The programme enhances the credibility and legitimacy of organisational

elections by providing independent and impartial electoral administration,
management and consultancy services. The key activities include managing
elections for political parties, trade unions, pension funds, medical aid
societies, etc.


• Rule of Law, which examines issues related to justice and human rights;
• Local Government, which aims to promote community participation
in governance; and
• Political Parties, which aims to promote party development at strategic,
organisational and structural levels through youth empowerment,
leadership development and development of party coalitions.


• Research
• Publications
• Library
• Information and Communication Technology (ICT).


• Books
• Conference proceedings
• Election handbooks
• Occasional papers
• Election observer reports
• Research reports
• Country profiles
• Election updates
• Newsletters
• Voter education manuals
• Journal of African Elections
• Election database


The International Institute for Democracy and Electoral Assistance (International

IDEA) was set up in 1995 as intergovernmental body located at the interface
between researchers, practitioners and the donor community to promote
dialogue, analyses and networking for the purpose of strengthening democratic
processes and institutions. IDEA’s current programmes cover three thematic
areas: Electoral Processes, Democracy and Conflict Management, and Political
Participation. IDEA’s work in the area of electoral processes is the most
developed and entails, among other things, the production of global knowledge
and tools which cover issues such as electoral systems, representation and
participation, and election administration. In 1997 IDEA produced a handbook
on electoral systems which has been widely circulated and discussed and which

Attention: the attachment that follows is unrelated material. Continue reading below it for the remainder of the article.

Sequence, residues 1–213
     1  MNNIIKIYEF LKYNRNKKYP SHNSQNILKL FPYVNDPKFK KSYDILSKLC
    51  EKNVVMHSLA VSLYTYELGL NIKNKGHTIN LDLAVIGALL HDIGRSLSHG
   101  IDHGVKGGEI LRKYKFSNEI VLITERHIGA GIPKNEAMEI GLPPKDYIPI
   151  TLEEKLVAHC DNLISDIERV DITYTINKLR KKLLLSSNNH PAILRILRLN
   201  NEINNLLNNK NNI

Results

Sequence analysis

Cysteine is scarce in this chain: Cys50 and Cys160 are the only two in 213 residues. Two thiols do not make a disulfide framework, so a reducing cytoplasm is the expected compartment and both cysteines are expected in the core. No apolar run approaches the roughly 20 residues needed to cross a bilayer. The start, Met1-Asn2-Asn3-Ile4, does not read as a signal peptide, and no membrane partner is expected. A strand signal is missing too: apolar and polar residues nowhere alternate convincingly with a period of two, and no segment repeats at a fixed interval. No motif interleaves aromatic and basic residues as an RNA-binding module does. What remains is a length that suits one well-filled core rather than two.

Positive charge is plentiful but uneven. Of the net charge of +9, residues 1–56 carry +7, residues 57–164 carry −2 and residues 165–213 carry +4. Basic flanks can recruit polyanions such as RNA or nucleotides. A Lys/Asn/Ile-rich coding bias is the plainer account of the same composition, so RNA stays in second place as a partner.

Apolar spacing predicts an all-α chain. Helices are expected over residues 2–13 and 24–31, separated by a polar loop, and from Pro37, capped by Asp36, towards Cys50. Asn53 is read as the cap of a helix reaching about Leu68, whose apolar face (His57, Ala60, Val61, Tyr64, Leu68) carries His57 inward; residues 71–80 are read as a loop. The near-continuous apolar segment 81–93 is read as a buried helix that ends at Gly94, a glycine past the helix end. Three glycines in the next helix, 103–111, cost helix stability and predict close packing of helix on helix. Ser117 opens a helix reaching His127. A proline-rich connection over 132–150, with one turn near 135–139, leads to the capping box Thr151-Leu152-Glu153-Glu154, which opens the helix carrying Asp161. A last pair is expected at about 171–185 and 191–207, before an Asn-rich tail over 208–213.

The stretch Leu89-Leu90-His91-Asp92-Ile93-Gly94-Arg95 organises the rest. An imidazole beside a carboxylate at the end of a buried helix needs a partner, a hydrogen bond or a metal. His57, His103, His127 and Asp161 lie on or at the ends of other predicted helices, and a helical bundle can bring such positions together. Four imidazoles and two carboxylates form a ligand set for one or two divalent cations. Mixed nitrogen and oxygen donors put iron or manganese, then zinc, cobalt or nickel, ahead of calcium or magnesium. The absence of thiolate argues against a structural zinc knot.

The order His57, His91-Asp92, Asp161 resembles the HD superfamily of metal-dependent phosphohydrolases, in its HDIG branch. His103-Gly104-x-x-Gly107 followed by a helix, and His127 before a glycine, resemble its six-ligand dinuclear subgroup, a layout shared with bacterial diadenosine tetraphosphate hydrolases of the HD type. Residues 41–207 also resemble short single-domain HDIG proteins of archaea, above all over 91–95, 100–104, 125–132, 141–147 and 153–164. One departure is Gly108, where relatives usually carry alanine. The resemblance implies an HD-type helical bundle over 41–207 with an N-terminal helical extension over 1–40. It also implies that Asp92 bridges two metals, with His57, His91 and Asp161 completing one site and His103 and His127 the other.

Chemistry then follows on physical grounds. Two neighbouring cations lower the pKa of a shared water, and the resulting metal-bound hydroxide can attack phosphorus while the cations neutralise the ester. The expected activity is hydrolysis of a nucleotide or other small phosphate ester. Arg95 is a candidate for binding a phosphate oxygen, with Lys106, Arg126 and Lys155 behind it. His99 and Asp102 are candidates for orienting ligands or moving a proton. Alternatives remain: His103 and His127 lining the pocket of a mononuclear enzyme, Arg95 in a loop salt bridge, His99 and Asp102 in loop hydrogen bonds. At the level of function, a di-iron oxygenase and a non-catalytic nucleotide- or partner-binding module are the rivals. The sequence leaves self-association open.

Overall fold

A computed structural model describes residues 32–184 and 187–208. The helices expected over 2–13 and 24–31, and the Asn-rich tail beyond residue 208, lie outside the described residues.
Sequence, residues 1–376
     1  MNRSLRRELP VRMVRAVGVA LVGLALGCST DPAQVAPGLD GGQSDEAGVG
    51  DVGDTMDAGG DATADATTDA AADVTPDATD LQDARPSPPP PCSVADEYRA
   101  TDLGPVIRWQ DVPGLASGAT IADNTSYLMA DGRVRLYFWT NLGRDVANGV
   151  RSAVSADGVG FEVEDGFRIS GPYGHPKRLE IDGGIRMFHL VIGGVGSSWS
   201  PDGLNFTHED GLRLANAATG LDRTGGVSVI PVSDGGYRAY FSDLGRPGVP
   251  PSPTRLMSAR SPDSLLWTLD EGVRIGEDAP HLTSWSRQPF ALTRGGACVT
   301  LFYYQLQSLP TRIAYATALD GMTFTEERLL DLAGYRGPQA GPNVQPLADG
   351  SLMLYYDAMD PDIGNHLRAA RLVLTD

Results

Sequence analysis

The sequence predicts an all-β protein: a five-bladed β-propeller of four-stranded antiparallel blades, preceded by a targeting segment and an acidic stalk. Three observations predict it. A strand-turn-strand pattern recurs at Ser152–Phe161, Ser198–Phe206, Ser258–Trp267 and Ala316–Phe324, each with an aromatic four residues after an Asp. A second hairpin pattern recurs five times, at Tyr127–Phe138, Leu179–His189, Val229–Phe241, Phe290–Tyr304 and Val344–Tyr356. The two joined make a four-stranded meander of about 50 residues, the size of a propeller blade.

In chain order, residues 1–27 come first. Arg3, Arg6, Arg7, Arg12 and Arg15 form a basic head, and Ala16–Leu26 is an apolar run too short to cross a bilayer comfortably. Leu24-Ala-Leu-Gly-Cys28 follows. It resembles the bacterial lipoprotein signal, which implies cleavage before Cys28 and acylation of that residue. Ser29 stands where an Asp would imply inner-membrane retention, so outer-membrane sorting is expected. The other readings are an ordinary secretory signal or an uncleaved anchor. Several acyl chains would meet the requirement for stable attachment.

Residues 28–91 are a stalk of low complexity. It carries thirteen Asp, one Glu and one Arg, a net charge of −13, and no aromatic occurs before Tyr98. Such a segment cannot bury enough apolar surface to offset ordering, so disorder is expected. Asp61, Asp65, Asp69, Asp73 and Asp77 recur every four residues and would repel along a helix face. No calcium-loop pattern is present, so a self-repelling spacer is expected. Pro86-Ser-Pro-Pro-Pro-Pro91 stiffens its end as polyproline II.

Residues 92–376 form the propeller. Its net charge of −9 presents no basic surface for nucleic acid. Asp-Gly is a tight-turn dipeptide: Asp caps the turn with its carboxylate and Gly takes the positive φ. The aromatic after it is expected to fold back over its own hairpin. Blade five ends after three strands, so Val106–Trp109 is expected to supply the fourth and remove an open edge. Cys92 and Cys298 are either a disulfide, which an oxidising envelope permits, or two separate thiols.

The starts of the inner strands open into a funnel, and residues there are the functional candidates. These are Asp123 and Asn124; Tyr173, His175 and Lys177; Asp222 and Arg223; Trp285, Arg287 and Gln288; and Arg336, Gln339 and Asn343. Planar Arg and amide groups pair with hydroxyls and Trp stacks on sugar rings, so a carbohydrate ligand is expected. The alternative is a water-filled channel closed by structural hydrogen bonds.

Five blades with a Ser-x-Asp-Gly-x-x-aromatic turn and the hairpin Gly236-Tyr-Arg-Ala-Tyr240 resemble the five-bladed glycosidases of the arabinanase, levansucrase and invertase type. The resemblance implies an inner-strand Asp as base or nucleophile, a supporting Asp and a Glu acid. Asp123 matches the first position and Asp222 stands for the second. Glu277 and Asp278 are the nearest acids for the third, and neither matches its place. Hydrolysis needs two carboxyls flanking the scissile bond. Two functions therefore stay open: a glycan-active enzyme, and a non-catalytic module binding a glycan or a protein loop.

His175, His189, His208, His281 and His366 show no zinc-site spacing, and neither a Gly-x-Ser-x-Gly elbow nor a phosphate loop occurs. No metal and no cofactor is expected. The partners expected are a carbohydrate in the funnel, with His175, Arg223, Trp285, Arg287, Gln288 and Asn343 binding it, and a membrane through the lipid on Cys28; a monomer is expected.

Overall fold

informed electoral system reform processes in several countries. Recently, IDEA
published the New IDEA Handbook on Electoral Design, adding material on
the political context of electoral systems and the process of electoral system
change to the explanation of different electoral systems and their effects
contained in the original book.

This year (2005), IDEA is celebrating its 10th anniversary both at its Head quarters
in Stockholm, Sweden, and also at select venues around the world.

IDEA has an African Office based in South Africa:

International IDEA Africa Postal Address:

Beeld Park Building Suite 55, Private Bag X1
1166 Schoeman Street Menlo Park, 0102 Pretoria
Hatfield, 0001 South Africa
Pretoria Tel: +27 12 342 6988
South Africa Fax: +27 12 342 6989


No. 1: Electoral System Reform, Democracy and Stability in the SADC

Region: A Comparative Analysis
Khabela Matlosa
No 2: From Military Rule to Multiparty Democracy: Political Reforms and
Challenges in Lesotho.
Edited by Claude Kabemba
No 3: Swaziland’s Struggle with Political Liberalisation.
Edited by Claude Kabemba
No 4: Gender and Elections in Lesotho: Perspectives on the 2002 Elections.
Puleng Letuka, Mats’eliso Mapetla, Keiso Matashane-Marite
No 5: Governance Quality and Government Commitment to the NEPAD
African Peer Review Mechanism.
Grant Edward Thomas Masterson
No 6: Elections and Democracy in Zambia.
Edited by Claude Kabemba
No 7: Dilemmas of Political Transition: Towards Institutionalisation of
Multiparty Democracy in Tanzania.
Edited by Shumbana Karume
No 8: Gender, Women, and Electoral Politics in Zimbabwe.
Rudo Gaidzanwa
No 9: Negotiating the Impasse: Challenges and Prospects for
Democratisation in Zimbabwe.
Edited by Wole Olaleye
No 10: Elections and Democratisation in Malawi: An Uncertain Process. Edited
Nixon S. Khembo
No 11: Democratic Consolidation in SADC Botswana’s 2004 Elections.
David Sebudubudu and Bertha Z. Osei-Hwedie
No 12: South Africa’s 2004 Election: The Quest for Democratic Consolidation.
Edited by Laurence Piper
No 13: Multiparty Democracy and Elections in Namibia.
Debie LeBeau and Edith Dima
No 14: Multiparty Democracy in Mozambique: Strengths, Weaknesses and
Edited By Adriano Nuvunga

No 15: Political Parties and Democratisation in the Southern African

Development Community Region: The Weakest Link?
Khabele Matlosa
No 16: Political Parties and the Democratisation Process in Zimbabwe
Lloyd M. Sachikonye

No 17: Political Parties and the Quest for Democratic Consolidation in Zambia
Jotham Momba